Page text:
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Lee Grad Enjoys International Music Career
10/23/2017
 Although she works hard at her international music career, Beatriz Macias, 2007 Robert E. Lee High School graduate, makes time to come back to Baytown to visit her parents and teach some classes.
Photo by Arthur Garcia at Select Studios
Although she works hard at her international music career, Beatriz Macias, 2007 Robert E. Lee High School graduate, makes time to come back to Baytown to visit her parents and teach some classes.

Lee Grad Enjoys International Music Career 

By: Susan Passmore

From the time she realized early in life that her purpose was to be a professional flutist, Robert E. Lee High School graduate Beatriz “Betty” Macias knew the road to accomplishing that goal was not going to be easy.

Born in California, Macias lived in Mexico until the age of 10, when the family moved to Baytown. She was in the bilingual program for a year at De Zavala Elementary, but she learned English quickly.

“In sixth grade band at Cedar Bayou Junior, I wanted to play the oboe. We decided on the flute because it was cheap to rent and my mom thought I’d quit. I had quit ballet, swimming, karate and piano against her wishes. When I realized that I was the only person who could not make even a sound on the flute, an easy instrument to play, I put it away, thinking I had no talent,” said Macias.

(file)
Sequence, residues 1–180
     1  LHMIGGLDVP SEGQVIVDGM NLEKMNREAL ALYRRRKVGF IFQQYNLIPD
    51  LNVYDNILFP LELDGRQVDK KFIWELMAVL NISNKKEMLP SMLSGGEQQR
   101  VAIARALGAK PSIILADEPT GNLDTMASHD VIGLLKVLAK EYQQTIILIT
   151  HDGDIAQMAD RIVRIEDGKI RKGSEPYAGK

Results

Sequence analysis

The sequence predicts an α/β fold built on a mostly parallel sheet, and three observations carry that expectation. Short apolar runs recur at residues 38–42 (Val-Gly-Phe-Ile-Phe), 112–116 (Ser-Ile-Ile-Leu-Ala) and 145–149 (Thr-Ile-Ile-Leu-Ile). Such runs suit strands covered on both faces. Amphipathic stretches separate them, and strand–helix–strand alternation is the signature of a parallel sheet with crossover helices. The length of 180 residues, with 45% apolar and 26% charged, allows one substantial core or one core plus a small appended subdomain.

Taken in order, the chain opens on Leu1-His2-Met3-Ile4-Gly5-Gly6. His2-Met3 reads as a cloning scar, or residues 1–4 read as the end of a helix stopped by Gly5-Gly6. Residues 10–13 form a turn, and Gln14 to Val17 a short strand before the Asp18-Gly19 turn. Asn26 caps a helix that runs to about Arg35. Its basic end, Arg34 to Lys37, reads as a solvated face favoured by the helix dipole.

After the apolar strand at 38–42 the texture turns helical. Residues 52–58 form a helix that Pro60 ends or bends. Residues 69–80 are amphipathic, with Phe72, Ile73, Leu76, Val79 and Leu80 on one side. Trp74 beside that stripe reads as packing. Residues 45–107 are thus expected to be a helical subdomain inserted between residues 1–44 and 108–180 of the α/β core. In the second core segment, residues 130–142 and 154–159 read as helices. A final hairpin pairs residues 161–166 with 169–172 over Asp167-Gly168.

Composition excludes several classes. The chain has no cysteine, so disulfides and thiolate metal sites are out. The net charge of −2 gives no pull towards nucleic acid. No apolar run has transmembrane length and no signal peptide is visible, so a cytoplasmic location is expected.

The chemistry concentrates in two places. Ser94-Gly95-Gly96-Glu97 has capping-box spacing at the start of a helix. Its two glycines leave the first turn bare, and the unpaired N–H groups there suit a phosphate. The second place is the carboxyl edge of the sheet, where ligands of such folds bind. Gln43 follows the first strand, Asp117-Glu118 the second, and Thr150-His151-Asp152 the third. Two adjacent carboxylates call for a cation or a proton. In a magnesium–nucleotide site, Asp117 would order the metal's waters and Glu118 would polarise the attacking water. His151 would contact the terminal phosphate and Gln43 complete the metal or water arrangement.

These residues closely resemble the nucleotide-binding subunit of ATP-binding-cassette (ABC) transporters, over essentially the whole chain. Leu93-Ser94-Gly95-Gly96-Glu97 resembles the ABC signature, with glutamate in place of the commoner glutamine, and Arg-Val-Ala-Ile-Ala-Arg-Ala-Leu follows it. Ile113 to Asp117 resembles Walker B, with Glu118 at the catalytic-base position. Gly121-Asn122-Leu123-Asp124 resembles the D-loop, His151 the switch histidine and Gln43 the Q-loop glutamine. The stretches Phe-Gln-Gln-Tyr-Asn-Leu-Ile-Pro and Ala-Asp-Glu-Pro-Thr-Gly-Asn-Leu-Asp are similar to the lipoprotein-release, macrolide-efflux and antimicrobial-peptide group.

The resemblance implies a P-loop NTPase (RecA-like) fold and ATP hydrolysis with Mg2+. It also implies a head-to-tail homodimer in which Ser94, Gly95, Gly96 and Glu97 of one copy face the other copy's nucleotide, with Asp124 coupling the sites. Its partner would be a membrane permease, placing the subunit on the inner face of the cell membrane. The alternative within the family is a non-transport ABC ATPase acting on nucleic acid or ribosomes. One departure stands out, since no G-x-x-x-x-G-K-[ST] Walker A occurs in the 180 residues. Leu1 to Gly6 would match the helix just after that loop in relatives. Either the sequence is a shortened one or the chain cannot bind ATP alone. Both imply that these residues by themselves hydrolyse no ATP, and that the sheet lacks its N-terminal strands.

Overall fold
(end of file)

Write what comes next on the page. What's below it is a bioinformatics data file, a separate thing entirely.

Her mother’s willingness to let her quit band surprised Macias and challenged her to try again to play the instrument, which soon became her passion. Macias credits Brenda Harrington and Kevin Isaacs, then band directors at Cedar Bayou Junior School, with encouraging her to explore her musical talent.

“Ms. Harrington was a tough teacher, and Mr. Isaacs was a kind-hearted, encouraging person. Both did a good job with molding me,” Macias said.

When Macias entered Lee High School, band director Alec McGuire was there to help guide her. She was 1st chair All State flute three years and served as drum major two years. She praises him for having a big heart and for seeing her potential.

“She is one of the best students I have ever had. She did everything in the world I asked her to and contributed so much,” McGuire said. “I’m not surprised she’s so successful. I knew her potential from the get-go when I’d go to CBJ to visit before I ever had her as a student.”

Macias made her solo debut in 2007 at the prestigious D.A.R. Constitution Hall in Washington D.C., and in 2008, she was named a YAMAHA Young Performing Artist by the YAMAHA Corporation of America.

She played in the Baytown Symphony as well as the Virtuosi of Houston Youth Chamber Orchestra while in high school. James Marioneaux, principal clarinet in the Baytown Symphony, was one of her mentors.

“He helped me by making time for me individually to prepare for All State. He did it out of the goodness of his heart to help me get more education in music,” Macias said.

She also was encouraged by her parents, Roberto and Beatriz Macias, who were well-educated in the arts and knew she liked this type of culture. On a trip to Europe when she was 16-years-old, she passed by the Royal Conservatory of Brussels and heard flute music. Intrigued, she went in and met Carlos Bruneel, principal flutist for the Royal Opera House of Brussels and professor at the Royal Conservatory of Brussels.